My setup doesn't require a programmer. The barest script kitty can do
it, if he or she hasn't drunk the Gates/Jobs "people are too stupid to
config their own computer" flavored drink. Google, DuckDuckGo,
Wikipedia, Stackexchange are your friend.

Notice also, that none of what's been said so far is distro dependent.
That comes in handy when you switch distros, or when your distro
upgrade breaks things, or when you don't want to intimately learn the
bowels of your distro.

So those are the three legs of the tripod. There's an optional fourth
leg, which I'll briefly describe but not detail...



The fourth leg is completely optional. The productivity-loving computer
user gets what he or she needs from the first three legs. The fourth leg
is when you actually start making yourself some simple software to
accomplish simple things. Simple things that otherwise require
installing cumbersome, often distro dependent, GUI applications. Often
applications that come with dependency hell.

At the fourth leg stage, shellscripts can grow to 50 lines. AWK, grep
and sort combine to efficiently batch-process text files into answers
you need, or input to a batch file that does what you need.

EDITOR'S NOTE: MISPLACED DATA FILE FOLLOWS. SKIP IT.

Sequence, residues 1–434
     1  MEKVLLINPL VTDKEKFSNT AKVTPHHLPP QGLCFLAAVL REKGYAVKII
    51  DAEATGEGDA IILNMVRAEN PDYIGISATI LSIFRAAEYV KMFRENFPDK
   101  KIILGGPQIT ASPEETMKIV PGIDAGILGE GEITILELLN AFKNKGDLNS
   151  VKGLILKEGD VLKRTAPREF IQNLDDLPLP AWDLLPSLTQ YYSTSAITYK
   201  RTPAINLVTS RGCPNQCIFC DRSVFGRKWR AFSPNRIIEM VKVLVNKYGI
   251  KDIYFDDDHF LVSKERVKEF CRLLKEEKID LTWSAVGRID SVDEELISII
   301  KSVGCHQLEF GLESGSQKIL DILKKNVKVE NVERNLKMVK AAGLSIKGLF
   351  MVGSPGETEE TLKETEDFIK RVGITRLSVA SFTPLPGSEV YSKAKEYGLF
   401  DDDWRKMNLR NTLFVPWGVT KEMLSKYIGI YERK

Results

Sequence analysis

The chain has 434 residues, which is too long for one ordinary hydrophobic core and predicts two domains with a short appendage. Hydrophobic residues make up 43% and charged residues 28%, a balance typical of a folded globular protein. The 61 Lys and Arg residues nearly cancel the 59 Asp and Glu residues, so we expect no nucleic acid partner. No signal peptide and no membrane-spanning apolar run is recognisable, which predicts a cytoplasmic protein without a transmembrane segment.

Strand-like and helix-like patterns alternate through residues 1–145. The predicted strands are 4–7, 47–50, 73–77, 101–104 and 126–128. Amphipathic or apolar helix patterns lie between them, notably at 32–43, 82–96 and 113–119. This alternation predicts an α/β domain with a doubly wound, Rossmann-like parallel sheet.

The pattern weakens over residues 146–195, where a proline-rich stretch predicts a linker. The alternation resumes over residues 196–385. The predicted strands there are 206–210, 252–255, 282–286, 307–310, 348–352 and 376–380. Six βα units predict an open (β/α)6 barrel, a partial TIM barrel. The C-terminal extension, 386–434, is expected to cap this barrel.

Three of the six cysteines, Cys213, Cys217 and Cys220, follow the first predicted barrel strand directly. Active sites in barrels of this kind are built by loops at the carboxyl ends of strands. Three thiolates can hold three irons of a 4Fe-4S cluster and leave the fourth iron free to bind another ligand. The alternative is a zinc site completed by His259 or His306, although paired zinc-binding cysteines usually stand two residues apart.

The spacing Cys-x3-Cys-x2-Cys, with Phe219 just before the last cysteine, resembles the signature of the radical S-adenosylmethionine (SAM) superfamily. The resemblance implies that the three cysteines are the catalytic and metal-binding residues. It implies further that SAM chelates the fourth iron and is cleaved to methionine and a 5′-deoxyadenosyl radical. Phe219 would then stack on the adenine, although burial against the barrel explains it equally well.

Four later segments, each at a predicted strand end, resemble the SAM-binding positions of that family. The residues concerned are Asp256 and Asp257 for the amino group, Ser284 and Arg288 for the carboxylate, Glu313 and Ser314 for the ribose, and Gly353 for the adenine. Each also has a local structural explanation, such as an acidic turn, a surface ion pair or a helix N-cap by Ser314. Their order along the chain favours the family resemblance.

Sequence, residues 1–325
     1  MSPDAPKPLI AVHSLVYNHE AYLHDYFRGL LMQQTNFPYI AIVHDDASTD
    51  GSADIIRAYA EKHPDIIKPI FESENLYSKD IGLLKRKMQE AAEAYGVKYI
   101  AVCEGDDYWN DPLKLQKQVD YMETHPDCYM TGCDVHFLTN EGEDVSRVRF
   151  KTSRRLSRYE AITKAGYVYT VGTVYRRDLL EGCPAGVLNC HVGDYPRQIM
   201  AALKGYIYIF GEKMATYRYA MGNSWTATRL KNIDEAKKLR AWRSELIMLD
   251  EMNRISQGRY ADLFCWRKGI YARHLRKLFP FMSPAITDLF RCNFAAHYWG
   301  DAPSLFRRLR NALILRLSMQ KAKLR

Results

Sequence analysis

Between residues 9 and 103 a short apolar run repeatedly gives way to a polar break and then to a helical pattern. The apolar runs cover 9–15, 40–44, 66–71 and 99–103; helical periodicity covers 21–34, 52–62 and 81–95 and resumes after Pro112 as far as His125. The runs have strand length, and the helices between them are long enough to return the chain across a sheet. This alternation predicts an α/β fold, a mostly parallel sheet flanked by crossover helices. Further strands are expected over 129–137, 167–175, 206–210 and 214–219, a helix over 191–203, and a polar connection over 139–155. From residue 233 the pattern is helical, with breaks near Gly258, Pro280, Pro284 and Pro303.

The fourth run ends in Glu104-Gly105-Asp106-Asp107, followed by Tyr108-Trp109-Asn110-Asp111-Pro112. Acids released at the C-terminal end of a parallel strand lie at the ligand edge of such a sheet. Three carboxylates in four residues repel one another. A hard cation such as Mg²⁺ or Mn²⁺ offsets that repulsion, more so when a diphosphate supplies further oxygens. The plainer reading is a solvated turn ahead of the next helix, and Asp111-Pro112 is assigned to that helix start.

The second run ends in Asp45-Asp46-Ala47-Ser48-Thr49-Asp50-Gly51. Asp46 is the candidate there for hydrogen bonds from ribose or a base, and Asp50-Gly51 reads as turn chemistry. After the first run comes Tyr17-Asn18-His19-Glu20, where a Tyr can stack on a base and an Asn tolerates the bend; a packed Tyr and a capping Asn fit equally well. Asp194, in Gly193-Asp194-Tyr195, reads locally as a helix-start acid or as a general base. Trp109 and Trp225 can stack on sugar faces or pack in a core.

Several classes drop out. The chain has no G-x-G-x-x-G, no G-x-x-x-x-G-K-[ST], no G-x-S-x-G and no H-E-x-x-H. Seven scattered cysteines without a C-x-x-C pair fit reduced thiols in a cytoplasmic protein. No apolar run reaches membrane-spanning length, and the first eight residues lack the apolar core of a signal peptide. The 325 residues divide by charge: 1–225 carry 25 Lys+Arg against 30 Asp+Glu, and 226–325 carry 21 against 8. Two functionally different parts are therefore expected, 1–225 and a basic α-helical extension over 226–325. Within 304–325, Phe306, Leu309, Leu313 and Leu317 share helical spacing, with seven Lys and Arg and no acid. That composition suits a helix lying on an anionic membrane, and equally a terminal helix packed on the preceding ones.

And if you really want to feel the power, you can use UMENU2 (GPLv3) to
bolt a very nice menu interface onto one or more shellscripts, or AWK
scripts, or even (most non-programmers won't do this) a Domain Specific
Language made from such scripts.


With grep, awk, sed, cut, sort, head, tail, tee, cat, less, dmenu, and
maybe UMENU2 and python, you can get your computer to do almost
anything you need, and get it working quickly. It won't be pretty. The
user interface might be funky. Your friends will laugh at you. You
might later replace part or all of it with a "real app", or maybe even
a "killer app". But a reasonable facility with these programs can get
you moving, without evaluating alternatives or tearing your hair out due
to dependencies.


Like I said, this isn't for everyone, but for some people it's a
productivity energy shot.

[1]: Having a panel doesn't violate the spirit of my setup. LXDE is
     approximately Openbox plus a panel, as is lxQt. I can also
     recommend the standalone panel tint2. Other panels are probably

[2]: Openbox is one of several interfaces that can be used. Anything
     light enough to eliminate noticeable keyboard latency and stable
     enough to repeatedly do the same thing. Other acceptable interfaces
     include, but are not limited to, LXDE, lxQt, Windowmaker, IceWM,
     ctwm. If absolutely necessary, you could even do it with Gnome,
     KDE or Unity, although the result might be a little sluggish.
     Also, ultra lightweight interfaces such as ratpoison, jwm, twm,
     awesome, j3, fvwm and the like can work well if you put in the
     time to configure them to achieve your goals.

     I find Openbox easiest to use for this purpose.


Steve Litt
March 2020 featured book: Troubleshooting: Why Bother?